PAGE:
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Mother confronts Ohio police officer after he high-fives Proud Boys outside drag storytime event

The Independent logo The Independent 12/5/2022 Graig Graziosi
Screenshot 2022-12-05 at 2.12.25 PM.png © screengrab/The Recount/Twitter Screenshot 2022-12-05 at 2.12.25 PM.png

A school in Columbus, Ohio cancelled a drag queen storytime event after armed right-wing extremists intimidated the organisers. During the event, a police officer greeted the protesters, prompting a mother to ask him why he was so cordial with the group.

The protest played out semi-live over social media, including the video of the mother confronting the police officer.

Columbus Police Sergeant Steven Dyer, who greeted the men, was asked on camera why he greeted the Proud Boys, and he said he did so "to build relationships."

The woman asking him the question responded by asking "with fascists?"

He insisted he was not supporting their cause, but simply responded positively to them because one of them complimented his mustache.

"I am not supporting their cause, I am not here hanging out with them. I am here to support their right to protest," Mr Dyer said. "They were talking about my mustache, the guy said I had a good mustache. That is all it is."

The mother says she hopes "you’re telling me the truth," to which Mr Dyer gives her his name and business card.

The event, called "Holi-Drag Storytime," was hosted by the Red Oak Community School and was scheduled to happen off school grounds at the First Unitarian Universalist Church of Columbus over the weekend.

However, Ohio’s chapter of the Proud Boys, a violent right-wing gang, announced they planned to attend and protest the event, according to the Associated Press.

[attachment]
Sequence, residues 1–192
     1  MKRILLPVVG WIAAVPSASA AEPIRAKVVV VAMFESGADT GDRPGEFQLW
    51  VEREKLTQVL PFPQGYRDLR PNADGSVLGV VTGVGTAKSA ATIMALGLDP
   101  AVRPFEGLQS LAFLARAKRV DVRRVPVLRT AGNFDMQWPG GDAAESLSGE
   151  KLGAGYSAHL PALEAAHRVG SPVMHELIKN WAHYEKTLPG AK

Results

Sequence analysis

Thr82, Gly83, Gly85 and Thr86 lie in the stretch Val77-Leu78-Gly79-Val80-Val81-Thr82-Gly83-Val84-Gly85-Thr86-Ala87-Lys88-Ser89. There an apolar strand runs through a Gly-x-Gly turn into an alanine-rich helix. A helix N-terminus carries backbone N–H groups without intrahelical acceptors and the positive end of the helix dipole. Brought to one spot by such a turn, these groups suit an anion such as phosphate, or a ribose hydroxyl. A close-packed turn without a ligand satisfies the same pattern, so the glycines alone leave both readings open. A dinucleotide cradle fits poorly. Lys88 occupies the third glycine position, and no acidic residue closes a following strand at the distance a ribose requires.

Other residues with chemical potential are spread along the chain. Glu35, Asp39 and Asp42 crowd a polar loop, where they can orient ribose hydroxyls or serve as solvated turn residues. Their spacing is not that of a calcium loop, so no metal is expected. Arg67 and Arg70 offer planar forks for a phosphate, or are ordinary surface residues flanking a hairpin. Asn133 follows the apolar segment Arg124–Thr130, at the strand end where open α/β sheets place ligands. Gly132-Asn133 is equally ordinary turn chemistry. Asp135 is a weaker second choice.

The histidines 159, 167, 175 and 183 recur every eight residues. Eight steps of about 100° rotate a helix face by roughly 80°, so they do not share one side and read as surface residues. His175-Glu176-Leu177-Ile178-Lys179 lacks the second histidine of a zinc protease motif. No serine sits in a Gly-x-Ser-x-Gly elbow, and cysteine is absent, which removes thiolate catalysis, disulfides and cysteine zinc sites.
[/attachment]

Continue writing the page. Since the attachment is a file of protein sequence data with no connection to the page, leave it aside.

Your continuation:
Cheryl Ryan, the school’s manager, told the AP that they cancelled the event after an internal debate over "how this community could be best protected."

According to Ms Ryan, a "community defense team" volunteered to protect the event, but did not feel comfortable with a police presence, which the performers requested.

"In the end our performers felt unsafe without a police presence while our safety team felt unsafe with a police presence," Ms Ryan said. "So it turns out our biggest problem wasn’t the Proud Boys after all."

The Proud Boys did show up, as did members of Patriot Front, another extremist right-wing group, to protest the event. Between 50 and 70 people attended the protest, which included shouting and chanting outside the church.

The event was intended to include drag performers reading stories to children and singing holiday songs, according to the school.

According to Ms Ryan, the school had "sold almost 1,000 tickets" for $10 each, and raised more than $5,000 for a local LGBTQ charity.

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